New Lincoln Theatre Plan — From 1927

New Lincoln Theatre Plan -- from 1927
Debutantes and escorts at Lincoln Colonnade, 1947 (Scurlock Studios, Smithsonian Archives)

The District of Columbia Government is soliciting proposals to develop plots of land behind the Lincoln Theatre on U Street, NW, to provide an additional revenue stream for the theater, which operates at a loss and requires regular infusions of government funds.

If DC government wants to fix responsibility for the Lincoln Theatre’s financial state, it only needs a mirror. After a deal with a private developer fell through, DC did the theater rehab itself, a shoddy job that required later repair.  The city gets to use the theater for free, reducing the number of paying dates and making it difficult to schedule paying customers. Naturally, DC blames the nonprofit that runs the place instead of admitting its own culpability.

The Solicitation for Offers document requires “a mix of uses that complement and financially support the long term operations and ongoing programming of the Lincoln Theatre” and a “flexible event space between 7,500 to 10,000 square feet” with a commercial kitchen to be managed with input from theater management. The development “mix” might include “office, boutique hotel and residential uses” with “[r]esidential uses . . . the least preferred” yet most of the document consists of specs for housing. Despite a few phrases about “adjacency issues with loading and services of the Lincoln’s back of house,” plans and diagrams show little understanding of actual theater load-in/load-out needs.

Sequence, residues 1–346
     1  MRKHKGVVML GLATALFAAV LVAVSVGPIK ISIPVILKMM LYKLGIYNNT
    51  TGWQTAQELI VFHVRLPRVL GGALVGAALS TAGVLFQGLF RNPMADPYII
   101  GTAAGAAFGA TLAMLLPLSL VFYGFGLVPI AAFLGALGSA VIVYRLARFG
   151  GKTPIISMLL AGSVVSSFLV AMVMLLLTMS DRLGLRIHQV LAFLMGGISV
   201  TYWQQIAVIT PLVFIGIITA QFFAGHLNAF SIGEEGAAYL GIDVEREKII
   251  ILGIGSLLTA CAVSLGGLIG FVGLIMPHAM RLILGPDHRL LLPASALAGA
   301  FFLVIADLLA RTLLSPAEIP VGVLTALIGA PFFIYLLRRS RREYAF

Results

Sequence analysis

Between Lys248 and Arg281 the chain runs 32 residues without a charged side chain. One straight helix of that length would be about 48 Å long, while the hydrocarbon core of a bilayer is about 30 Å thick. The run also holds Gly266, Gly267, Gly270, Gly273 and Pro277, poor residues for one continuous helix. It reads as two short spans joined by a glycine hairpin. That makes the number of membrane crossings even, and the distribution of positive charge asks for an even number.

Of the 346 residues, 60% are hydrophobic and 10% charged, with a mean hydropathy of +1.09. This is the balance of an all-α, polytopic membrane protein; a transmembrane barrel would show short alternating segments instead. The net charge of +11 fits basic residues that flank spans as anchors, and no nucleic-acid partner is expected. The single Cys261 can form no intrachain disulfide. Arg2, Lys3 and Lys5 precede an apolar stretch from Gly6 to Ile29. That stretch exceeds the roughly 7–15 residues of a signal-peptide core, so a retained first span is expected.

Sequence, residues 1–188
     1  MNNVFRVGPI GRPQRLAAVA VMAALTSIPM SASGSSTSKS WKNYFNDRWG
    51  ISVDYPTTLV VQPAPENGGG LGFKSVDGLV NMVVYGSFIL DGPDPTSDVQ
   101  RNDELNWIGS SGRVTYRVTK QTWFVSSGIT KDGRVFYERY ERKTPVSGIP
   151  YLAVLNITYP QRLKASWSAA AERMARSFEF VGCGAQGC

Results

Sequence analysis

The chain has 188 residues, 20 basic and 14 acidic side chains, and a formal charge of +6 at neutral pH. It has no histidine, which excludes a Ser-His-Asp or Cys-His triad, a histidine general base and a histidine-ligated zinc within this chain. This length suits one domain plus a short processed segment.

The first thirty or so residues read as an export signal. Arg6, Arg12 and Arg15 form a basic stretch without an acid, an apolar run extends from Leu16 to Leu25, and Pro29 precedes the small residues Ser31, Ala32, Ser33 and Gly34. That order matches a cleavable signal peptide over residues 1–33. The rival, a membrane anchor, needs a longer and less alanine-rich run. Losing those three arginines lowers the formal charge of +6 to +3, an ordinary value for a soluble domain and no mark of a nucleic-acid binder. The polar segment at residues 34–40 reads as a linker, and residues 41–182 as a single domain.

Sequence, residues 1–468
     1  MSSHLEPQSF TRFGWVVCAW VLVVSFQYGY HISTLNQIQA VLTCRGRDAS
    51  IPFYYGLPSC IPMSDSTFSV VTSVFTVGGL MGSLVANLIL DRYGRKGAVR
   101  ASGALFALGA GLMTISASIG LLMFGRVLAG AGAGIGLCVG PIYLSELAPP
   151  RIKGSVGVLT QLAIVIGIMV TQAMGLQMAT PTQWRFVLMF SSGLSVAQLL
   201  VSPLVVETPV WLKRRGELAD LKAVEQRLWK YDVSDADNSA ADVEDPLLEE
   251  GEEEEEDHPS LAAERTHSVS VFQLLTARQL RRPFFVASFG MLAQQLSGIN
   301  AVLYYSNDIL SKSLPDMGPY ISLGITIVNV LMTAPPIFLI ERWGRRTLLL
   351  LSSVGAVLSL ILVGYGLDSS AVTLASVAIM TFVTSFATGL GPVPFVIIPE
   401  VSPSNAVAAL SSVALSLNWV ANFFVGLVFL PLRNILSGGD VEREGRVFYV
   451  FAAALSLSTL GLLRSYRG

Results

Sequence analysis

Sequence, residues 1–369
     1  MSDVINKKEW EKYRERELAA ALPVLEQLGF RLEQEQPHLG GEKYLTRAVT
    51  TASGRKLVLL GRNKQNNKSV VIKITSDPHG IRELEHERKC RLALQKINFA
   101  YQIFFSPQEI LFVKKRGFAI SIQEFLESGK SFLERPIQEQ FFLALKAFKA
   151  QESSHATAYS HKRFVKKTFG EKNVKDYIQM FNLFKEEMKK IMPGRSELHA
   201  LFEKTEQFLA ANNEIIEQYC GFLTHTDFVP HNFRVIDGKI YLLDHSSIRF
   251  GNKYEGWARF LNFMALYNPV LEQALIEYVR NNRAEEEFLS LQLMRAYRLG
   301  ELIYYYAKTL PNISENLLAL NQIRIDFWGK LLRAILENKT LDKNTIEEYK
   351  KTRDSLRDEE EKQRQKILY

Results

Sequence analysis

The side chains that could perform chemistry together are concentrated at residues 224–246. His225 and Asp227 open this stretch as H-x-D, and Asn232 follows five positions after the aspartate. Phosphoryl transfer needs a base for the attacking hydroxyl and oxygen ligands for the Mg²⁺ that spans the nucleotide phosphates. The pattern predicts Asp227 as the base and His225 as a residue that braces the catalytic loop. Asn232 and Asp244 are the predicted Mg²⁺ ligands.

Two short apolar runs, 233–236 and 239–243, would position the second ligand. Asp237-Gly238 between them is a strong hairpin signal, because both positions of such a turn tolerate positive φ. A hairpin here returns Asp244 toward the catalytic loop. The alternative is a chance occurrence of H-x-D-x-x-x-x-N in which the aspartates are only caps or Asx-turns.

The solution for the Lincoln Theatre’s revenue problem was solved some time ago — in 1927. That is when new owner Abe Lichtman, employer of most of DC’s African American theater managers, put a public ballroom underground, under and behind the theater. This provided the Lincoln with a steady second income stream. This hall, the “Lincoln Colonnade,” was arguably more important to Washington’s African American community than the theater proper, and most of the stars said to have “packed the theater’s 1,200 seats” actually played for dancers in the Colonnade.